Oh, she knew, dragging herself back to reality, a particularly juicy deal could make him backslide—she remained irritated at his behavior during Ruth Geddy's visit—but his confession about Victor's memorial had taken most of that sting away.
       She glanced at her watch and sighed. It was time for her to pay up and move on.
       She was fumbling in her purse for the coins to settle the bill, plus add a nice tip, when the bell on the door sounded again. This time the arrival was a man clad in grey engineer's coveralls and a blue shirt covered by a short thick jacket; he swung a steel lunchbox in one hand and his cap in the other. He was fair-haired, just starting to go thin on top, and red-faced from the cold, but with a big grin on his face nevertheless. Lillian, behind the counter refilling one of the pie displays, was alerted by the sound and the expression on her face blossomed with delight.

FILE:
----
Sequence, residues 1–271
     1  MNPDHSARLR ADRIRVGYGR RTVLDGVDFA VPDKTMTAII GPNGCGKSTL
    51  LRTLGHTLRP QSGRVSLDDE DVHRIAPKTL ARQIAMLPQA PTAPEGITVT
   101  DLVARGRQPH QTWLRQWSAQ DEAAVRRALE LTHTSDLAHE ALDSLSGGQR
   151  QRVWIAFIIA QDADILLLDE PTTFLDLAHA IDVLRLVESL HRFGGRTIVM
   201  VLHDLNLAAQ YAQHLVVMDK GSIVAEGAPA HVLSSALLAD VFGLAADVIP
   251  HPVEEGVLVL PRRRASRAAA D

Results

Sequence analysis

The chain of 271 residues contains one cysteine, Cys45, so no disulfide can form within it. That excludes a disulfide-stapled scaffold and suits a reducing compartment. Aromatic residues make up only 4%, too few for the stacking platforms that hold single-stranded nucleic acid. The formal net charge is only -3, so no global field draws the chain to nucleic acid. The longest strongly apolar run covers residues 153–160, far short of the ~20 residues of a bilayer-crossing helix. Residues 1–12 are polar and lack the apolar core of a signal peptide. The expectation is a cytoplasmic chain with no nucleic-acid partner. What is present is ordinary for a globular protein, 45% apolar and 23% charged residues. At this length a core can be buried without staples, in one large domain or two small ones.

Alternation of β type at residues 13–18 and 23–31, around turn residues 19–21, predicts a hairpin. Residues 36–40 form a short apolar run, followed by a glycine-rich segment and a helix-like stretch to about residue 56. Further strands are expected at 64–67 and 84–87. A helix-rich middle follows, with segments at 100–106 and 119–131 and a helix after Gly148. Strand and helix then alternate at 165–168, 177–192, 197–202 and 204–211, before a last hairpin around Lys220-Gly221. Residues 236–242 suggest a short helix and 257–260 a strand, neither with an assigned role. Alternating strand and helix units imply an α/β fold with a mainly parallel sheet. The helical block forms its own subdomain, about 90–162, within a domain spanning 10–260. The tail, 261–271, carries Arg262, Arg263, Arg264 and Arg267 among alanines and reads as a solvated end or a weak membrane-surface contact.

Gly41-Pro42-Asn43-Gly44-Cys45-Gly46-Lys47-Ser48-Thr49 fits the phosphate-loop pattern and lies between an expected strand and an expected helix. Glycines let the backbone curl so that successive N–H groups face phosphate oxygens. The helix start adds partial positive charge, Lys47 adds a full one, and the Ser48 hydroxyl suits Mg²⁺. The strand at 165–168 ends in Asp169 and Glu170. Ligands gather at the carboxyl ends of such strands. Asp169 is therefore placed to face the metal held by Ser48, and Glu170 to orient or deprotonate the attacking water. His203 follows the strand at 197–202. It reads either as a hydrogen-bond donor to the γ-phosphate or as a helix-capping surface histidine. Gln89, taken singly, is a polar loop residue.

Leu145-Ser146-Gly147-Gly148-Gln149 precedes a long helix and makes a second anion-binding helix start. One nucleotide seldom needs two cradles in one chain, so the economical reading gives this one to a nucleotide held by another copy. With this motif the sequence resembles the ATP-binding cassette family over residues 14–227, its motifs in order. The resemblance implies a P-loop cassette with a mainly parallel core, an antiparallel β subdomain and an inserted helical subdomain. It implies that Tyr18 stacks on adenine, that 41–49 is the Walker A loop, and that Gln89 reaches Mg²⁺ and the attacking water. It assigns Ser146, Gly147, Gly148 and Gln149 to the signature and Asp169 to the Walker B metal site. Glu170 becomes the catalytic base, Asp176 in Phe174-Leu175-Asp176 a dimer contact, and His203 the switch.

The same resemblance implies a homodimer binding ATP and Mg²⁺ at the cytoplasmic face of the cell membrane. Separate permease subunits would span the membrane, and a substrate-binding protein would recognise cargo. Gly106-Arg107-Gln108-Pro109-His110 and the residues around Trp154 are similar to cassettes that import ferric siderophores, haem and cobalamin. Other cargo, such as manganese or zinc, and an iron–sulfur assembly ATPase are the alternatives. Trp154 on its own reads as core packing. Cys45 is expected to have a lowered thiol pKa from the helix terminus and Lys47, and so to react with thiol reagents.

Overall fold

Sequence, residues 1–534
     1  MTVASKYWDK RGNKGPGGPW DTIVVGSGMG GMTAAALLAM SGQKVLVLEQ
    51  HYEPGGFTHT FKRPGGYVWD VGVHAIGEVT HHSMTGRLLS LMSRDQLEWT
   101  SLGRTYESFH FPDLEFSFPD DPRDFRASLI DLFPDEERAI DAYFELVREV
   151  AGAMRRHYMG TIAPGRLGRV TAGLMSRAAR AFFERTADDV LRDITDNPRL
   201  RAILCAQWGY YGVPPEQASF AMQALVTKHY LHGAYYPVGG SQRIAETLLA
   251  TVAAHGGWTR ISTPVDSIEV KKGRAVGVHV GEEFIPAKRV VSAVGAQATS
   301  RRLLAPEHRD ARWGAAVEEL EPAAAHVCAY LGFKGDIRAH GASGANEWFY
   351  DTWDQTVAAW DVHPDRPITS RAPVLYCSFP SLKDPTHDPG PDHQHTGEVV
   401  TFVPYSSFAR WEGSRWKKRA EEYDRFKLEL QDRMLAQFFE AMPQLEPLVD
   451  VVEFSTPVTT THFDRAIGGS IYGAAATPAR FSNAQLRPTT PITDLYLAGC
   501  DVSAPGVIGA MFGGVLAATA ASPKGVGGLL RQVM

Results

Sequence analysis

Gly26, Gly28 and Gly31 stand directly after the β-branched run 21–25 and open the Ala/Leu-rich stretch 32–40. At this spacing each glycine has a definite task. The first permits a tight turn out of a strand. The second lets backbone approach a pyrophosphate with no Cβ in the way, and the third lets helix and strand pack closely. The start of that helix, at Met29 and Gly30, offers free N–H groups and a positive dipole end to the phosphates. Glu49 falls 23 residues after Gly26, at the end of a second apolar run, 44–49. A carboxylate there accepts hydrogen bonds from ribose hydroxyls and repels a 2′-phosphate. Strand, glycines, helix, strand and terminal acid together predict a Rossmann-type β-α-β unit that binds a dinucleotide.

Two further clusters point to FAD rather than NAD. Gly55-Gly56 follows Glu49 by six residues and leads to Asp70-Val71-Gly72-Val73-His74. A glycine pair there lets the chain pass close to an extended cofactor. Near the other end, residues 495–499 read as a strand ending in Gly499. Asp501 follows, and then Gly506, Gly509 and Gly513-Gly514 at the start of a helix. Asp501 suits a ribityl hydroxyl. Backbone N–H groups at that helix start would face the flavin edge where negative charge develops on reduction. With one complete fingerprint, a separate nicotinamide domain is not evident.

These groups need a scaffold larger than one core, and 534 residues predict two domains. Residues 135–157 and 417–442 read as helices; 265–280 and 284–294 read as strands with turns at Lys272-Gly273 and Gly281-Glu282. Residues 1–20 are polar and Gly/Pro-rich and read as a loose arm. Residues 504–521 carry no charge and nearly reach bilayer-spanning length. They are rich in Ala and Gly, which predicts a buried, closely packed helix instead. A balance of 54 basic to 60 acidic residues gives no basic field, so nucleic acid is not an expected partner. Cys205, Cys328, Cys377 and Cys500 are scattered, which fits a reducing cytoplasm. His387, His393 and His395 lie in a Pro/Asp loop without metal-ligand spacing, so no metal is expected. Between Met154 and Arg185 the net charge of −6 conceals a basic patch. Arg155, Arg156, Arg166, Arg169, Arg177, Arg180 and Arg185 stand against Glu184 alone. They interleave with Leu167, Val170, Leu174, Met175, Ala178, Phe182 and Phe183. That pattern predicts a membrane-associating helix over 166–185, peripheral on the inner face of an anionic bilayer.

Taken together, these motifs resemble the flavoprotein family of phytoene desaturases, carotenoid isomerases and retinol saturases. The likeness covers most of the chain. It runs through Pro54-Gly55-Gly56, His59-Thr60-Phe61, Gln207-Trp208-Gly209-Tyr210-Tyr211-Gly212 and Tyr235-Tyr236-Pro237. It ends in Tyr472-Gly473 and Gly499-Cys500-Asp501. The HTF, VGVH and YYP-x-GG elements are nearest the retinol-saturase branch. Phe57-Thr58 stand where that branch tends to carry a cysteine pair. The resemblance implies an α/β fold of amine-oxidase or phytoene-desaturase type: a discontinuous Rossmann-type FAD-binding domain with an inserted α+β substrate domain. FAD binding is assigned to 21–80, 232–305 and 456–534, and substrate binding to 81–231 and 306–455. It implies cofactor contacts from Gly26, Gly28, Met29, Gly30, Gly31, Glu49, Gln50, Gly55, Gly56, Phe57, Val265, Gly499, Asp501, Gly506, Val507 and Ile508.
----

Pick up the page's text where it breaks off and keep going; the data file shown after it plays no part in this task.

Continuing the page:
"Hiya, Lil," he said, offering her his arm. "Quitting time, kid. You ready to go?"
       "Mary's late," Betty heard her answer, "but it's okay. I'll just check out the guys and tidy up till she gets here. You want some coffee?"
       "Just the usual," was the man's breezy reply, and Betty smiled as the man who had to be Dan leaned forward to kiss Lillian. Then she carefully laid her coins on the table and left, tossing the waitress a smile as she departed.
       The cold hadn't abated and Betty hunched in her coat in reaction, like everyone else bowing her head into the wind. But somehow she wasn't as chilled as before. Maybe the homespun homilies were the ones she should be listening to.
       She thought of Scott again, just for a moment, then shook her head. Unlike Scott with his wild schemes, she didn't intend to rush things. She'd take this slowly, wait and see how it played out.
       But right now, it was time to get back to Pittsburgh and WENN. Time to go home.

Return to Linda's Remember WENN Fanfiction Page